Summary and Contributions: This paper studies convex-concave saddle-point optimization in case both variables are in convex and compact domains. it is assumed that both domain are only equipped with a linear minimization oracle (e.g., computing projection onto feasible set is computationally expensive) and so the authors develop a method that is purely projection-free and relies on the Frank-Wolfe method. The authors extend the results to the stochastic and finite-sum settings. In terms of techniques, the authors adopt the conditional-gradient-sliding method of Lan et al. and use it to simulate Nemirovski's mirror-prox method for saddles using only linear optimization steps. With this respect, there is not a highly novel *conceptual* innovation, but the overall technical effort and achievement is above the bar in my taste. *** post feedback *** I have ready the feedback and would like to keep my score.
Strengths: Overall this papers offers a solid contribution. The question of solving saddle-point problems using only projection-free methods is interesting (though I think the practical applications are more limited than the authors admit, but I still think this is a good problem to study) and the technical derivations are challenging enough and will be of interest to the community.
Weaknesses: Parts of the writing could be improved: 1. It is not clear why the assumption that the objective is strongly concave is needed. It will be beneficial if the authors comment on it in the paper. 2. It seems that the bounds are loose at several points and it was good if the authors would comment on the bound and whether they believe there is room for improvement. For example in Corr 1. the linear oracle bound scales as standard for cond. grad. but then there is also kappa^2 and instead of having something like D_x^2+D_y^2 we have D_x^2D_y^2. I strongly suspect this is suboptimal and it will be good if the authors relate to it. Also in stochastic case, since objective is strongly concave we may expect that parts of the sample complexity will only scale linearly with 1/eps but they all scale with 1/eps^2. Eq between lines 143-144: minimization over v? (not u) Line 4 of Alg 3: not clear what we get v_k here as one of the outputs of prox-step if its updated in the following line via CndG
Relation to Prior Work: Yes
Summary and Contributions: This paper proposes new projection free algorithms to solve minimax problems. The idea of this work is to inexactly solve the prox step of The Mirror prox method Using the CGS method. The authors also propose a method that only requires stochastic gradients and linear oracle by using an inexact variant of STORC with increasing minibatches.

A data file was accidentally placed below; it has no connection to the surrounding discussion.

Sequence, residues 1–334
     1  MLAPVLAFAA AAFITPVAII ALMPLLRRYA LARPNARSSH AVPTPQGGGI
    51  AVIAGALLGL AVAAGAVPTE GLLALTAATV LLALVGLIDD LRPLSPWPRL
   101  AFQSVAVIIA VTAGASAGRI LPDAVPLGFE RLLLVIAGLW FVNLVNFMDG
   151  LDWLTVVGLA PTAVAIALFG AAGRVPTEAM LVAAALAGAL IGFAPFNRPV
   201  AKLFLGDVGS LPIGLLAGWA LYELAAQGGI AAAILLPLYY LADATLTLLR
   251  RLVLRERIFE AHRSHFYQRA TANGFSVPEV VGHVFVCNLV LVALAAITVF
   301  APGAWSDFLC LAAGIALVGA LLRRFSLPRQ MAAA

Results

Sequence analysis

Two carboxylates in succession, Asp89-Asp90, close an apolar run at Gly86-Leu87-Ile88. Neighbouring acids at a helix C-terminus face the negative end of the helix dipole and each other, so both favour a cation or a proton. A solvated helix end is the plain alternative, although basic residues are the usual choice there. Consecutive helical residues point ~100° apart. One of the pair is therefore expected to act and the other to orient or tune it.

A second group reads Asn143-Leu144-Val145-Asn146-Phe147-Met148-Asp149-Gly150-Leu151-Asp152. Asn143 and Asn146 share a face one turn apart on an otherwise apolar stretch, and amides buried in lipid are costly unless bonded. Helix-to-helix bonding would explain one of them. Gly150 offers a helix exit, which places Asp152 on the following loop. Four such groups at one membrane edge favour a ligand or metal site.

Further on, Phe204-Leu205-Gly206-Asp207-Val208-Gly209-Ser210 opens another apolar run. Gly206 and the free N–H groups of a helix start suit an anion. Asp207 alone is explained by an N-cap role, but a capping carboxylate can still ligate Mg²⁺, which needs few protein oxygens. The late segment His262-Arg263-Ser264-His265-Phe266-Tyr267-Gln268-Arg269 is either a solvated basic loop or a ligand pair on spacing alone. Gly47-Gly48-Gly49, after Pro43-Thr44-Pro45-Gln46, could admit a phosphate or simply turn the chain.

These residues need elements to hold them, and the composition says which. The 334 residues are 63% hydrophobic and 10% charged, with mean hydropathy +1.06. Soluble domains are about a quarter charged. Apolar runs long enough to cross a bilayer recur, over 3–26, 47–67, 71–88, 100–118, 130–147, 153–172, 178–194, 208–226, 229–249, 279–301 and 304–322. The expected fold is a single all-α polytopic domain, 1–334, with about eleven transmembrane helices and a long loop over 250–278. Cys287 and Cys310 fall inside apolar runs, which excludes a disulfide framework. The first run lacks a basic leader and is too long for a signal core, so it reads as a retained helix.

Strengths: The rates proposed are reasonable and only require LMO instead of projections. This convergence result on constrained minimax optimization only requiring LMO is novel. Theorem 2 provides an improvement over SCGS in a particular regime for \epsilon.
Weaknesses: In constrained optimization, the most expensive oracle is usually the LMO (computing gradients is usually more expensive than solving a linear program). In Theorem 1, the LMO complexity is O(1/\epsilon^2) which is quite slow for a batch method. 2) The proposed algorithms have lots of hyperparameters to tune (since the condition number is usually challenging to compute) and have an inner-outer loop structure. 3) Theorem 2 and 3 consider minibatches with increasing size 4) - L40 is a bit of an over-claim 'the first [...] algorithm for general convex-concave saddle point problem', since the theoretical results are in the convex-strongly-concave setting.
Correctness: I am a bit confused about Remark 2. since when \epsilon is small we could have \log(1/\espilon) >> \sqrt(\kappa). Moreover, isn’t the condition you would like to require (\sqrt(\kappa)/\epsilon >> \kappa^2) ? I am also concerned about the additive value of SVRG-like update in the non-finite sum setting. Usually such update scheme does not provide improvement in that case. Can you details the intuition why in that case such update would provide an improvement over SCGS ?
Relation to Prior Work: contributions? I would like the author to address better the related work with respect to STORC  and SCGS . Lanczos algorithm should be cited see: D. Gabay and B. Mercier. A dual algorithm for the solution of nonlinear variational problems via finite element approximation. Computers & Mathematics with Applications, 1976. J. Kuczyński and H. Woźniakowski. Estimating the largest eigenvalue by the power and Lanczos algorithms with a random start. SIAM. J. Matrix Anal. & Appl., 1992.
Additional Feedback: Regarding the experiments, SVRE has no-guarantees in the convex-strongly-concave setting. However, It would If you were doing logistic regression with ell_2 regularization. In that case, the problem would be strongly-convex-strongly-concave There is probably some typos in (4): there is no labels b_i in the formulation. 1/n not necessary since y_i sums to 1. L 105: 'a solution' (LMO can have several solutions) L189 Theorem Lemma 5: it is a 4 on the denominator === UPDATE AFTER REBUTTAL === After having read the rebuttal and the other reviews I would like to emphasize that if the paper is accepted the author must fix the iteration complexity claims mentioned by R1 as well as the convex-concave claim L40. I am disappointed that the authors did not answer my question about "the additive value of SVRG-like update in the non-finite sum setting" Overall I still maintain my weak accept but do not go above.